n Journal of Public Administration - Policy development for service delivery through community development workers programme in South Africa : exploring the implications of placing a cart before the horse

Volume 45, Issue 4
  • ISSN : 0036-0767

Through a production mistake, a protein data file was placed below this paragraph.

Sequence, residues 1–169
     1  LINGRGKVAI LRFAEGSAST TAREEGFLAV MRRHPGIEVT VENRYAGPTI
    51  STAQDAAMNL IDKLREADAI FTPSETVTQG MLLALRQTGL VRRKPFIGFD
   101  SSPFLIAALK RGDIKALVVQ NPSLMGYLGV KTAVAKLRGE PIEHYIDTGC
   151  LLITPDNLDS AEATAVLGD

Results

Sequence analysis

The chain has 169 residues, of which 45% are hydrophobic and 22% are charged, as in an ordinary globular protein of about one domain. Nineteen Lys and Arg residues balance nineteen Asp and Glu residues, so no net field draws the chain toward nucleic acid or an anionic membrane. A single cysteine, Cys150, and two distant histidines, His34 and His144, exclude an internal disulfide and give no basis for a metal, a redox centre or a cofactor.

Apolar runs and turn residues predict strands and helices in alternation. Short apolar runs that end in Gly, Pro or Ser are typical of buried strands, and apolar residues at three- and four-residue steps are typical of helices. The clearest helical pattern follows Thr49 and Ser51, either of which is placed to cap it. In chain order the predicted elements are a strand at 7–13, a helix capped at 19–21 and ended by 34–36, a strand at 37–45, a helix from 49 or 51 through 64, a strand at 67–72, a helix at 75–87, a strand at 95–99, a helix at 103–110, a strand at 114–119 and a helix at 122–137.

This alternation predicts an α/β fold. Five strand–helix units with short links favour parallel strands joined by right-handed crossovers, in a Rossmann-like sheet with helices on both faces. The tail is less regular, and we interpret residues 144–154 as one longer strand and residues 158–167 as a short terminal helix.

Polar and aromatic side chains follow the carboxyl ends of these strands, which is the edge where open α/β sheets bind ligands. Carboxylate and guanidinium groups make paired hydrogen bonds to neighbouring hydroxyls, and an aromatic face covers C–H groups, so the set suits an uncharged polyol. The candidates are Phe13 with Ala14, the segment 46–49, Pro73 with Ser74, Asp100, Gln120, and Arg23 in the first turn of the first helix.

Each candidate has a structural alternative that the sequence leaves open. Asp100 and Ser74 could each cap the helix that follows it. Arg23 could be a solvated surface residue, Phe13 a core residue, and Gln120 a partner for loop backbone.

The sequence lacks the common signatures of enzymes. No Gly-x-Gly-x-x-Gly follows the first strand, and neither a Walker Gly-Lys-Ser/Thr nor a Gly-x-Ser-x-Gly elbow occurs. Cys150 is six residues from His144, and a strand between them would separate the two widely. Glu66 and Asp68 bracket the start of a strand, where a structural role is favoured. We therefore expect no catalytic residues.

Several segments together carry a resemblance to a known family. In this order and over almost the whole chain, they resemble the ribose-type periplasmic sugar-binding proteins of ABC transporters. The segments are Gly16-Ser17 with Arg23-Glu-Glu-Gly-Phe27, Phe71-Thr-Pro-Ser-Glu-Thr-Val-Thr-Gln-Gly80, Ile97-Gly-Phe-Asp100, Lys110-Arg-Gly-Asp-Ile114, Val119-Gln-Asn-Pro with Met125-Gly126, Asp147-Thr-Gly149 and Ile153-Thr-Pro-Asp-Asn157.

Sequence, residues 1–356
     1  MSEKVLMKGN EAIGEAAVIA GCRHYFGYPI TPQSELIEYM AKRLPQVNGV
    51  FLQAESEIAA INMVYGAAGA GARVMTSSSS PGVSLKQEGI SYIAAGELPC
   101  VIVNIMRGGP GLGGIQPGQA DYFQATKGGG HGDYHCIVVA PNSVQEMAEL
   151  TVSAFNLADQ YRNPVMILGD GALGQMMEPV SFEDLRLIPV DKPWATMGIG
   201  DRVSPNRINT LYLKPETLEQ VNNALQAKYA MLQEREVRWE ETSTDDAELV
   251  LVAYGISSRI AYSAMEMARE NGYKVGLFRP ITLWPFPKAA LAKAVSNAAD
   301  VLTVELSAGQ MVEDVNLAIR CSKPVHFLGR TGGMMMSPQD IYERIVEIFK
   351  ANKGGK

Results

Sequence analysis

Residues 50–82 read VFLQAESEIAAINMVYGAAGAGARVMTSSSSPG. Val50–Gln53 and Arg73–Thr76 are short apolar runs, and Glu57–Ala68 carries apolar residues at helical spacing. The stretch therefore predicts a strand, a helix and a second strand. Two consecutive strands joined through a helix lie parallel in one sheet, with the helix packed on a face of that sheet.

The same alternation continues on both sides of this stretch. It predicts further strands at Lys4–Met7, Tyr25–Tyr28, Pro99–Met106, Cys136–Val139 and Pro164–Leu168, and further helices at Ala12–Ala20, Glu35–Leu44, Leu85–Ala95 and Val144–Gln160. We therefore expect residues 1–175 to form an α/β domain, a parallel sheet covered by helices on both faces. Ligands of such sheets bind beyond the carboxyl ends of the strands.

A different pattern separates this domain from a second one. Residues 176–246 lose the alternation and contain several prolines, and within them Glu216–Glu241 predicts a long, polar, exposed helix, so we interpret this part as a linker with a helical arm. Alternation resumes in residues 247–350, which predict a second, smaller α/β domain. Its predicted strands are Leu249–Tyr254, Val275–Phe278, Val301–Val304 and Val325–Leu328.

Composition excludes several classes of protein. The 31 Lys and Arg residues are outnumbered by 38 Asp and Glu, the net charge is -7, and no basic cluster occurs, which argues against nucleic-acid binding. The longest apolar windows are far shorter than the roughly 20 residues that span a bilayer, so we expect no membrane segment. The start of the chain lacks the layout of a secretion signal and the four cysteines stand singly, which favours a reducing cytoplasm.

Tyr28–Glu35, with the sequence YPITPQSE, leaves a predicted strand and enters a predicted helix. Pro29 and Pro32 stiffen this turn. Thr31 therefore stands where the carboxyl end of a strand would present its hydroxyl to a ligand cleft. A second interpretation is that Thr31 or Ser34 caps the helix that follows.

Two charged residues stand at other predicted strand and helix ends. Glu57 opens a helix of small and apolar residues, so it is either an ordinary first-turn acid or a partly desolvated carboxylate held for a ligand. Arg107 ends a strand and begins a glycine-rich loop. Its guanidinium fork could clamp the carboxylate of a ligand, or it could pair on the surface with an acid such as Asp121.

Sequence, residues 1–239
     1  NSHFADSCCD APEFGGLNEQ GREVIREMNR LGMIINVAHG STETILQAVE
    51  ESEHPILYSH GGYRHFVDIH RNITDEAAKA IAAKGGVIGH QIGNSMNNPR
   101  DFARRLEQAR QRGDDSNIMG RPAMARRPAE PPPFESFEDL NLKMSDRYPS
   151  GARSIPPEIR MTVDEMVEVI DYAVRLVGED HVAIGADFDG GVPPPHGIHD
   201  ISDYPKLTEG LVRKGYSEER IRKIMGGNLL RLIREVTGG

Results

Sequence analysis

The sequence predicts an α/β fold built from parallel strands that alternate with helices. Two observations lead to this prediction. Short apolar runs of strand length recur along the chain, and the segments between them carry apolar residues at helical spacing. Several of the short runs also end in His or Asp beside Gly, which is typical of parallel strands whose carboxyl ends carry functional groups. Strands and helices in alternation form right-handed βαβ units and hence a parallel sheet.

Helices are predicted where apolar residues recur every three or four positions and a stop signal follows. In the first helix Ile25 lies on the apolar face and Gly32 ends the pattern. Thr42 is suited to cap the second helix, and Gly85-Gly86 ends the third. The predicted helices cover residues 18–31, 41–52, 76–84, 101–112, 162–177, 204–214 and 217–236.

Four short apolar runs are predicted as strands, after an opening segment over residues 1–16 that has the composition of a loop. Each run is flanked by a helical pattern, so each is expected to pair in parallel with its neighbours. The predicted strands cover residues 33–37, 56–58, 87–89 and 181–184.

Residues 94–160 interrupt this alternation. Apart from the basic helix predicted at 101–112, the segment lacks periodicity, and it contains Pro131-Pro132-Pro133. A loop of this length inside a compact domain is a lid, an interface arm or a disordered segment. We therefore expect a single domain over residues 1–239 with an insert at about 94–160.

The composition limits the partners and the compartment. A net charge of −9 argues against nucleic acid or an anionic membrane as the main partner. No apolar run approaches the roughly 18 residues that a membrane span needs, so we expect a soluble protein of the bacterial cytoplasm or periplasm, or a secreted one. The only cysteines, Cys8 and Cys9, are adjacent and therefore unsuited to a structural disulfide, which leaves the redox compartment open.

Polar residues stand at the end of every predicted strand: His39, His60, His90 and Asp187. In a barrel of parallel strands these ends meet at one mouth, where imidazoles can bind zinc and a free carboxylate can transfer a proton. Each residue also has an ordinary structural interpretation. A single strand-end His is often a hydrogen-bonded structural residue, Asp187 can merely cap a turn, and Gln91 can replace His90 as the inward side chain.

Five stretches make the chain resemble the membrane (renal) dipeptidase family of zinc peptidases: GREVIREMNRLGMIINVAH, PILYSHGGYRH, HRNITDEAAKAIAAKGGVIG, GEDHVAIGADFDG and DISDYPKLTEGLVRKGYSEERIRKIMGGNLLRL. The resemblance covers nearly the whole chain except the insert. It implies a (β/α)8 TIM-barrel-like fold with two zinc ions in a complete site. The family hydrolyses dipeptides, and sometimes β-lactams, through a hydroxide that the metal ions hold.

The democratic government's commitment to a people centred and people driven model of development has meant that the new policies had to be (re)designed and crafted to reflect a non-racial and non-sexist society underpinned by democratic ideals and principles such as equality, social justice, transparency, accountability and good governance. Programmes at national, provincial and local sphers were spearheaded by the new government in order to balance reconstruction and development. The imperative of envisioning was based on redressing the legacy of separate development hence the reinforcement of dynamics between basic needs provision, economic growth, rigorous civil society participation and initiative and democratised state servicing the needs of all citizens (UNDP Report, 2000). Community Development Workers Programme (CDWP) was introduced as a national mandate to fast track service delivery and development in various local municipalities. The inception of CDWP in 2003 was preceded by policy development hence being regarded as placing the cart before the horse. CDWP was regarded as an alternative to conventional policy model and a panacea to service delivery backlogs. The implementation of CDWP before policy formulation however provides critical learning for practitioners while on the other hand exposes the programme to structural barriers and resource scarcity which create bottlenecks. This article undertakes a critical appraisal of a public policy model in relation to CDWP development model by making use of the strengths, weaknesses, opportunities and threats (SWOT) analytical framework to locate the strengths, weaknesses, opportunities and threats of the model. It is discovered in this article that the implementation of CDWP without policy backing and direction provided a neutral ground for both community development policy makers and practitioners to reflect on their experiences which could be useful towards policy formulation on one hand. The operation of the programme on the other generated challenges such as role confusion, lack of support, financial and human resources as obstacles to the smooth running of the programme.

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